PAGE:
Republican U.S. Senate candidate Adam Hasner is attacking GOP opponent George LeMieux by invoking two names likely to displease conservative primary voters.
Barack Obama and Charlie Crist.
In an Internet ad released June 10, Hasner tries to link LeMieux to Crist — the former governor who left the GOP while trying to win a U.S. Senate seat in 2010. Marco Rubio, a former state House speaker, won that seat. Now Rubio is a Republican star.
The Hasner ad opens on a picture of Crist. A narrator says:
Defended President Obama's stimulus as "helpful to Florida."
Fought for taxpayer-funded bailout of Big Sugar.
Architect of Obama-style cap-and-trade plan for Florida.
Falsely attacked Marco Rubio.
Even compared Marco Rubio to Barack Obama.
Charlie Crist — Right?
As the word "wrong" appears, the camera zooms out on the picture of Crist. There is LeMieux, whispering in Crist's ear. The ad finishes — "Get to know the real George LeMieux."
The goal of the message is clear enough: paint a portrait of LeMieux — Crist's former chief of staff who was later appointed by Crist to serve in the Senate — as an Obama-loving Crist buddy who criticized Florida's GOP superstar, Rubio.
But are the claims accurate? PolitiFact Florida decided to concentrate on two of the Rubio-centered attacks against LeMieux — that he "falsely attacked Marco Rubio," and that he "even compared Marco Rubio to Barack Obama."
Falsely attacked claim
The ad doesn't detail what LeMieux's attack against Rubio was, or why it was false, but Hasner campaign spokesman Rick Wilson pointed to a 2009 St. Petersburg Times article as the source.
The attack, Wilson said, was labeling Rubio a tax raiser.
"Marco Rubio supported the largest tax increase in Florida history when he wanted to raise the sales tax by 2 or 3 pennies," LeMieux said in the 2009 Times article.
The line traces back to when Rubio was House speaker. In 2007, the Legislature and then-Gov. Crist were looking for ways to cut property taxes for Floridians. Rubio's idea was to eliminate property taxes on primary residences all together.
But to make up for some of the lost revenue, Rubio said the state sales tax would be increased by 2.5 cents per dollar.
LeMieux fixated on one part of the plan (the sales tax increase), while ignoring the other (the massive property tax cut).
And that was a mistake.
A state analysis said the swap would save taxpayers a total of $5.8 billion in the first year, though some people — particularly renters and second-home owners — may have seen taxes increase. PolitiFact previously ruled False a claim that Rubio's plan would have been a massive tax increase.
So Hasner's claim is on solid ground. Our only quibble is that the ad failed to explain what Hasner was talking about — so viewers are left guessing. We rate the claim Mostly True.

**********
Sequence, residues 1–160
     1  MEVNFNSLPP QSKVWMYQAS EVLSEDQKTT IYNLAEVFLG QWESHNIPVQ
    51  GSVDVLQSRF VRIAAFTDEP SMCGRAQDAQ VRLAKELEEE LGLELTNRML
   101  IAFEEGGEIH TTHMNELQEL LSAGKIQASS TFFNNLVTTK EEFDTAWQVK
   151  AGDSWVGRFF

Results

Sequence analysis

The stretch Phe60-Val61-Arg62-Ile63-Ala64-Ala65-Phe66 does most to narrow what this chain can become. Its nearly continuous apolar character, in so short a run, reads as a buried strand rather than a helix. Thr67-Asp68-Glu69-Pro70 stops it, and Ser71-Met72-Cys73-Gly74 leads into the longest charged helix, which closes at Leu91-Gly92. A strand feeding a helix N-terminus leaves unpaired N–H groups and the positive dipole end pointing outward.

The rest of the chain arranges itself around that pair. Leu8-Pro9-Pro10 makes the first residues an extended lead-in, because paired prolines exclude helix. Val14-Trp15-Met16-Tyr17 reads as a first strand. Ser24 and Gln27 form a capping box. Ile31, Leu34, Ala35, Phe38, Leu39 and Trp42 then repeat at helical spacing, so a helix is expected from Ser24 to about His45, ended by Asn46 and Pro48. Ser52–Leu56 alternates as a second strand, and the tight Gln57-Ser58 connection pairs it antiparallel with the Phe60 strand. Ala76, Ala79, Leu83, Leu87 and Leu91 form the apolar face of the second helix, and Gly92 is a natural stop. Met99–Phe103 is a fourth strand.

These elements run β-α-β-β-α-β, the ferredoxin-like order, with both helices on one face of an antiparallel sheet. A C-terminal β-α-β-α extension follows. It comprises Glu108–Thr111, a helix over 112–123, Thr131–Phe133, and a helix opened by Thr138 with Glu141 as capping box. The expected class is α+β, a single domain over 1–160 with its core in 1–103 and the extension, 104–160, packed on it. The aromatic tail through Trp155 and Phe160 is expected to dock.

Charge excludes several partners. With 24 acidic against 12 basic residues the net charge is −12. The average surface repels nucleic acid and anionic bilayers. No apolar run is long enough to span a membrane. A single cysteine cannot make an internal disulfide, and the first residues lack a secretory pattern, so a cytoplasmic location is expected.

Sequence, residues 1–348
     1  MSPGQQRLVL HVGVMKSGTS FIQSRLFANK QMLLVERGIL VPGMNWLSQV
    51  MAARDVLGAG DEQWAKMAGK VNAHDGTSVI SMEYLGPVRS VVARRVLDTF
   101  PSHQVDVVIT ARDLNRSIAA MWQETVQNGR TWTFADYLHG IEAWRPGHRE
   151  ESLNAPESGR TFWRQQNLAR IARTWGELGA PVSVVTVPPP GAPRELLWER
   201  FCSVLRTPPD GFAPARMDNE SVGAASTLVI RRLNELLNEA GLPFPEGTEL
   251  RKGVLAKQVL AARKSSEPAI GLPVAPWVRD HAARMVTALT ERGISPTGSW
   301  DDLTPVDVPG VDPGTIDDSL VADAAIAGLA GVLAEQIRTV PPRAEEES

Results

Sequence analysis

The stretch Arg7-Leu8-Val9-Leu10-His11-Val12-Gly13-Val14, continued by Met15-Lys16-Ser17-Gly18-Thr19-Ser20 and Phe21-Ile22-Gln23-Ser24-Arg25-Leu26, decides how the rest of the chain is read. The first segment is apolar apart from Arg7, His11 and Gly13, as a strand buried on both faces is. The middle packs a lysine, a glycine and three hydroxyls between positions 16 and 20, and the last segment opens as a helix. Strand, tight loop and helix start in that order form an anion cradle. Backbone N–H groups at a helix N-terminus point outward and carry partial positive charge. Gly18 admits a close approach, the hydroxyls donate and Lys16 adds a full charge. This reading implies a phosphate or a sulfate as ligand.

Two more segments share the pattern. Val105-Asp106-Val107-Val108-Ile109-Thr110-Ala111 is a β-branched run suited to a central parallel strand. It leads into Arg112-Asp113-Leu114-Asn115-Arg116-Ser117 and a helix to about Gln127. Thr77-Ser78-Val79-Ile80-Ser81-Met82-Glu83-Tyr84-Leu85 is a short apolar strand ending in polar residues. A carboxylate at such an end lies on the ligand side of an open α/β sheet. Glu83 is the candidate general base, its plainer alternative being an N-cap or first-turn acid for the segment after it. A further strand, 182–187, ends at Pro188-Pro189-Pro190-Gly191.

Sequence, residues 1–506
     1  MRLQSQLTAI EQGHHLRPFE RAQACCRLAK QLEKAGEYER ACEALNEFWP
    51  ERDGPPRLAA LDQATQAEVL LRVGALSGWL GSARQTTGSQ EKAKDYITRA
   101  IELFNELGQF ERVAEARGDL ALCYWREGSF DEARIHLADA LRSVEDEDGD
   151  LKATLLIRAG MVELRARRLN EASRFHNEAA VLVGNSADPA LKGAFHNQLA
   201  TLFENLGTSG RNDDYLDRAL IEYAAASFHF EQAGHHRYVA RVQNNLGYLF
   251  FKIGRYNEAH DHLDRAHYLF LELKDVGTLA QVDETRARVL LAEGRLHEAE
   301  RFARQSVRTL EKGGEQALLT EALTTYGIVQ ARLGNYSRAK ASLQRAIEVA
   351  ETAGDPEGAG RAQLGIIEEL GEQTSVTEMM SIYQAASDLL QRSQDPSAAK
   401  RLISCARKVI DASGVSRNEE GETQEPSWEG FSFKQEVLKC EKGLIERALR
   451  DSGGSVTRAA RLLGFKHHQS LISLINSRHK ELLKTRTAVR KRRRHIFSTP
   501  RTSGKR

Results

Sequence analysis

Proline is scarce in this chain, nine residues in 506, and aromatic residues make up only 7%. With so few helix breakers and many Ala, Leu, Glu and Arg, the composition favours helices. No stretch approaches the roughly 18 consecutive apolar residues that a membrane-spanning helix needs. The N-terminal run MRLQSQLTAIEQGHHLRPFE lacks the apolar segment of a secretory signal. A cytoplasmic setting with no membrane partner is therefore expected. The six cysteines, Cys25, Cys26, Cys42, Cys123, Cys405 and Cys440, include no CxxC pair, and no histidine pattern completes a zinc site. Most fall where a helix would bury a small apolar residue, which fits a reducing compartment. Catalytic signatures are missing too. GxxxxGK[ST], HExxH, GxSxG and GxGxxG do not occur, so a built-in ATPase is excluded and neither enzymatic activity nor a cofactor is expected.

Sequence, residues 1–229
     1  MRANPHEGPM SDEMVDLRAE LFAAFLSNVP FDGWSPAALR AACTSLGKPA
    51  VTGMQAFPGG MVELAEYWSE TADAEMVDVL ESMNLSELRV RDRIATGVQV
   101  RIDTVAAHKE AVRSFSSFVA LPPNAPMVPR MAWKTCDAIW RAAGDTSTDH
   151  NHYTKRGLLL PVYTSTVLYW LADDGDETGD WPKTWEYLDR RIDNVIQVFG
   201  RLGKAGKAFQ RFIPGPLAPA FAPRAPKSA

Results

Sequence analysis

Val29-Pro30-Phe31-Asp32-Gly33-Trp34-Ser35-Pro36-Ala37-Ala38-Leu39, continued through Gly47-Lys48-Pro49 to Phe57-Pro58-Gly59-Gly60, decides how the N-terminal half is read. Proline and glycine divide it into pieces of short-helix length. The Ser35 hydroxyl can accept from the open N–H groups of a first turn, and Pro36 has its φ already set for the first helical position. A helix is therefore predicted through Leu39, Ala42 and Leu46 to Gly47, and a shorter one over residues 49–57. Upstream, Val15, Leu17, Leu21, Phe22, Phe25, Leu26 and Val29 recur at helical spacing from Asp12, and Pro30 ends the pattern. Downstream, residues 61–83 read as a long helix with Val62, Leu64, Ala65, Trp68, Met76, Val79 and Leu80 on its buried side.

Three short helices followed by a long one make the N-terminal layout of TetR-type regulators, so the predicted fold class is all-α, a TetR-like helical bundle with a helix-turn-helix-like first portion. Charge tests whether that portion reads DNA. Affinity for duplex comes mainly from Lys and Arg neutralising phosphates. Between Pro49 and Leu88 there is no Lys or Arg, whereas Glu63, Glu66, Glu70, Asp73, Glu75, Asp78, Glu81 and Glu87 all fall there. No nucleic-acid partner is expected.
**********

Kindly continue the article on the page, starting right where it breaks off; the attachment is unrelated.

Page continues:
Rubio and Obama
The other claim is that LeMieux "even compared Marco Rubio to Barack Obama."
The source of that claim also comes from a 2009 Times article, when Crist was running for the Senate as a Republican, and when LeMieux was supporting Crist over Rubio.
In the article, LeMieux critiqued Rubio's campaign tactic of criticizing Crist's decisions to accept stimulus money and offered a comparison to Obama.
"Being governor means you have to make choices. And you have to make decisions," LeMieux said. "It's very easy to be a critic, and the speaker now is not in office. He wasn't there when the state was facing the challenges of the huge recession and the stimulus. He didn't have to vote on that. All of the folks that were in his administration voted for the stimulus money. And I suspect if he were there, he could vote (to accept) it.
"This is just like President Obama being able to be against the war in Iraq because he didn't have to vote on it. There's a lot of parallels to draw between Speaker Rubio and President Obama in the way they are running their race and in their ability to throw bombs without ever having to lead because they are out of office."
A comparison (of campaign tactics), yes. But that alone doesn't mean we rate the claim true. Context is equally important, as is the impression viewers of the ad are left with.
LeMieux wasn't referencing policy — which we believe some watching the ad might think. And the comparison came while LeMieux was supporting his old boss, Crist, who was still a Republican.
Moreover, the context of what happened following that quote is diluted, if not missing from the ad. In the end, Crist left the GOP and ran for the Senate as an independent; LeMieux quickly said he would not support Crist; and eventually formally endorsed Rubio's campaign.
In fact, LeMieux called Rubio "the brightest star of our generation in politics — and not just in Florida, nationwide."
The ad misses all of that. We rate this claim Barely True.